Ms. Holshouser, I'm not a collector, but I wish I was at this point. I find the photograph tempting for two reasons--St.Elmo and the depiction of a cattle drive! Although I'm certain any museum would love to have this piece, you are clearly looking to sell. I would not be able to give you a value estimate. This involves a type of expertise I do not have. I can imagine there would be an interested buyer somewhere, though. There is an auctioneer who specializes in Old West memorabilia. Brian Lebel's Old West Show and Auction was in charge of the recent sale of the only surviving tintype image of Billy the Kid, which had an estimated value of $400,000, but sold for $2.3 million. I am not in any way suggesting your photo has a similar value, but I am suggesting that this is the website where you should start your research in locating someone to help determine the value and help you sell this piece. Good luck to you--and congratulations! That's quite a find! http://codyoldwest.com/owaboutus.html

Anonymous said...

I have been reading a book called memories of st.elmo that might help you with more information on this little ghost town. One thing I read that you mentioned is that you were not sure if Annabelle ever married or if she had been widowed. in this book it says she was widowed. It is written by charlotte Vickerson Merrifield with Suzy Kelly.

Darla Sue Dollman said...

Thank you so much! That question has bothered me. I'll try to find the book. I love books on ghost towns!

Tony Apollo said...
This comment has been removed by a blog administrator.
Darla Sue Dollman said...
This comment has been removed by the author.
Darla Sue Dollman said...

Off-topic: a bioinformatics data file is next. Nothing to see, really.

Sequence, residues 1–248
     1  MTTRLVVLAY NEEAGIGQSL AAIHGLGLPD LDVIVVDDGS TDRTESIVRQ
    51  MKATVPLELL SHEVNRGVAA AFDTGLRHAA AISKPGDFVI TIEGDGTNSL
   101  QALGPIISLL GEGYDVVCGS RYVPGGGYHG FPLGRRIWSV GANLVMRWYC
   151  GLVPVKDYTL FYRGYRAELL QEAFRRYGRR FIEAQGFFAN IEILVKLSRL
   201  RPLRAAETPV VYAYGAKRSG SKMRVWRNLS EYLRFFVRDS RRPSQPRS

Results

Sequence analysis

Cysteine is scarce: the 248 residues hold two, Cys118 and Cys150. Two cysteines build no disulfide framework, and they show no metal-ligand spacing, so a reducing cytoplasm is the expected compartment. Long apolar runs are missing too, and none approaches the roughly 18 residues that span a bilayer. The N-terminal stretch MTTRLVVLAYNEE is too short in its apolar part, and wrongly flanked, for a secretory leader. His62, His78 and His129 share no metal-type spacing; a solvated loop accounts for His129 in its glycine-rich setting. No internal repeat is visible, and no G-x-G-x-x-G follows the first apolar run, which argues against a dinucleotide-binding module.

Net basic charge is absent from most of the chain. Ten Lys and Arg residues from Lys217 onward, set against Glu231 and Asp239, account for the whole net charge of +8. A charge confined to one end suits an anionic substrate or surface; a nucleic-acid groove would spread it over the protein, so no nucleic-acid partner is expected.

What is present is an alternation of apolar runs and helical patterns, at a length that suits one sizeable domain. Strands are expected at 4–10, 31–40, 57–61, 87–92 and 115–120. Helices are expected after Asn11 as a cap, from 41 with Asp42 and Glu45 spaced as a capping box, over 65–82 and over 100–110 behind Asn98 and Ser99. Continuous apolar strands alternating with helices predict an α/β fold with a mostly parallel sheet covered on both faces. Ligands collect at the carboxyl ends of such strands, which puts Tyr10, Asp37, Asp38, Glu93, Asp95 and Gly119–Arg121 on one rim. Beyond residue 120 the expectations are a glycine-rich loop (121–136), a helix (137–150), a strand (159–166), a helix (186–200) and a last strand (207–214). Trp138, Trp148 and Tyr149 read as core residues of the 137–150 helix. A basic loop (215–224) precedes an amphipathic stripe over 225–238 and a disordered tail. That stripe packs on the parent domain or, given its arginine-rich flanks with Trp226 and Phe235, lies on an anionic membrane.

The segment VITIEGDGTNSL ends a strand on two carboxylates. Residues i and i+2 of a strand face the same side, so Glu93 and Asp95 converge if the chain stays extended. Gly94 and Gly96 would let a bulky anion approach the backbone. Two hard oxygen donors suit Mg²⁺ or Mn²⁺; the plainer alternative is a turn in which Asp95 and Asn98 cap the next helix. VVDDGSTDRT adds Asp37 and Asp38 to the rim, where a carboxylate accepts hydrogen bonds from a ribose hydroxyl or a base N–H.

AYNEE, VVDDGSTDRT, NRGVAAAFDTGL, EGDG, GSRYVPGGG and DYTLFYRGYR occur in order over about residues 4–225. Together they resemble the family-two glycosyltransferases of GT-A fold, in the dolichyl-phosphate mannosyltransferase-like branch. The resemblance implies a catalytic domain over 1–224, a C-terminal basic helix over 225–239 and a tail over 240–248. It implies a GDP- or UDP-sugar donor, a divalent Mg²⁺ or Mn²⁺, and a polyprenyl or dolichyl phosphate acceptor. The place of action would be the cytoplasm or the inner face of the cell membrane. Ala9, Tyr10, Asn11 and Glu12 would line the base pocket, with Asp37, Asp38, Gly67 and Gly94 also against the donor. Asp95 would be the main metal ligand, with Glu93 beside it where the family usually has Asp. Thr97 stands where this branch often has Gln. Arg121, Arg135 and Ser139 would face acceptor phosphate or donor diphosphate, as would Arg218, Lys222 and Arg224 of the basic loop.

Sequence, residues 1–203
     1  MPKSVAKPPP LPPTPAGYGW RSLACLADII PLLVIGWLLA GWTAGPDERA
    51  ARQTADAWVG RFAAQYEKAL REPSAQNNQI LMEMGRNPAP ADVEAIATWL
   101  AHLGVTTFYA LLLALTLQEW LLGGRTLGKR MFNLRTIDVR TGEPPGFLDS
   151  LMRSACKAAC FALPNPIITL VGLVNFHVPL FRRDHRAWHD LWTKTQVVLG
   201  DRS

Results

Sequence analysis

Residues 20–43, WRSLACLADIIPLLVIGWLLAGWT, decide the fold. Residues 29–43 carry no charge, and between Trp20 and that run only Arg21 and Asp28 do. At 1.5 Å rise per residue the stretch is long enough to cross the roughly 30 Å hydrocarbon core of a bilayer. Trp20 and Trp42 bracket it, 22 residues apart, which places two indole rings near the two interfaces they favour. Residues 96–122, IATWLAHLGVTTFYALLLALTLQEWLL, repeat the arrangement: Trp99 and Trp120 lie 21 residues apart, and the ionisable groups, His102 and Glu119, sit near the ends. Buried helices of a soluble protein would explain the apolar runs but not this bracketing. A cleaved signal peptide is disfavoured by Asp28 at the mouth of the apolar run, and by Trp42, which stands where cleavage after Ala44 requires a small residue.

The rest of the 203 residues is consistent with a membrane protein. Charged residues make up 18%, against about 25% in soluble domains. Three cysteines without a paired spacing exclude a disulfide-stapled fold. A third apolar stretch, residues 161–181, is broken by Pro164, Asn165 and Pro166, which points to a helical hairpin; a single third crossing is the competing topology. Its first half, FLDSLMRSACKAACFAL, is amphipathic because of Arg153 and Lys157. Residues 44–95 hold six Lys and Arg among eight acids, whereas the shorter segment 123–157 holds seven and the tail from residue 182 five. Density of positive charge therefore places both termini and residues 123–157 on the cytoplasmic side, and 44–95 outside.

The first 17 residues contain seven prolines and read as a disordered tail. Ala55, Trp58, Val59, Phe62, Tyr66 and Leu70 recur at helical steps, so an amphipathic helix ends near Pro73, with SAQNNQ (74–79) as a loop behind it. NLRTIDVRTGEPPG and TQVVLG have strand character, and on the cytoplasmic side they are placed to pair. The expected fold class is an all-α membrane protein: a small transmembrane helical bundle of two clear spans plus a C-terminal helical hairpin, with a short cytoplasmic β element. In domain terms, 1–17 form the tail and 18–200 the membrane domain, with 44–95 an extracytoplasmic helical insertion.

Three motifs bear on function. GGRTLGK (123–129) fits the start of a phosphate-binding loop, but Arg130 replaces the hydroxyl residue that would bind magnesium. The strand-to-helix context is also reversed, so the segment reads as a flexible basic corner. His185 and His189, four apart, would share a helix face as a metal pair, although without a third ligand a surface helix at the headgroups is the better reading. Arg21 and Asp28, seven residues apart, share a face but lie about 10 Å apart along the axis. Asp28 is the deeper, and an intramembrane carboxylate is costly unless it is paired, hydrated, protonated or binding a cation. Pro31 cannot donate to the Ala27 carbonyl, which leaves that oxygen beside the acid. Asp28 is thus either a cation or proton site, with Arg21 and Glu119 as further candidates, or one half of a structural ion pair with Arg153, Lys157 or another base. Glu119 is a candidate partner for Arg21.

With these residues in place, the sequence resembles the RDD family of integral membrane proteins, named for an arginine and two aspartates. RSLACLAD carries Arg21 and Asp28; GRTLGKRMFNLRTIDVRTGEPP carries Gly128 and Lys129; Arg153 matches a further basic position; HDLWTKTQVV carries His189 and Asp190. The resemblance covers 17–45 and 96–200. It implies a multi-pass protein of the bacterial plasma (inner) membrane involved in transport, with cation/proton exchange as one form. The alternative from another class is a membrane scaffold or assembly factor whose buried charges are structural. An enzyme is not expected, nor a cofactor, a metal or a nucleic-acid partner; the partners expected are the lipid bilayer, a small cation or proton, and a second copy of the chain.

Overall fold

This comment has been removed by the author.
Adam Heller said...
This comment has been removed by a blog administrator.
Darla Sue Dollman said...
This comment has been removed by the author.
Darla Sue Dollman said...
This comment has been removed by the author.
Darla Sue Dollman said...

Thank you for reading my blog! As you can see, there were a number of comments removed by me. I will not tolerate cyberbullying from anyone on this blog or any other writing that I post online. In the future, I will only post comments from readers who use their real name--the fact that you opened an account, posted, then closed the account is a very clear sign that you are not who you claim to be.

This is a family blog. The intention of this blog is to educate, inform, and share experiences and thoughts about the American Old West. I appreciate and respect all of my readers and for this reason, I moderate all comments and only post comments that show respect to me and the other readers of the blog. I have posted this policy in the sidebar and stand behind it--no more anonymous comments, all comments are moderated, and no rude comments, obscenities, or cyberbullying will be posted on this blog, ever.

Thank you so much for reading my blog and sharing your experiences with me! I appreciate your loyalty!
Darla Sue

Adam Heller said...

She never married but lived with a companion.

Adam Heller said...

She never married but lived with a companion for a short time.

Colorado's Deadliest Floods

You may have noticed fewer posts over the past year. I've been working on a history book about flooding in Colorado. Colorado...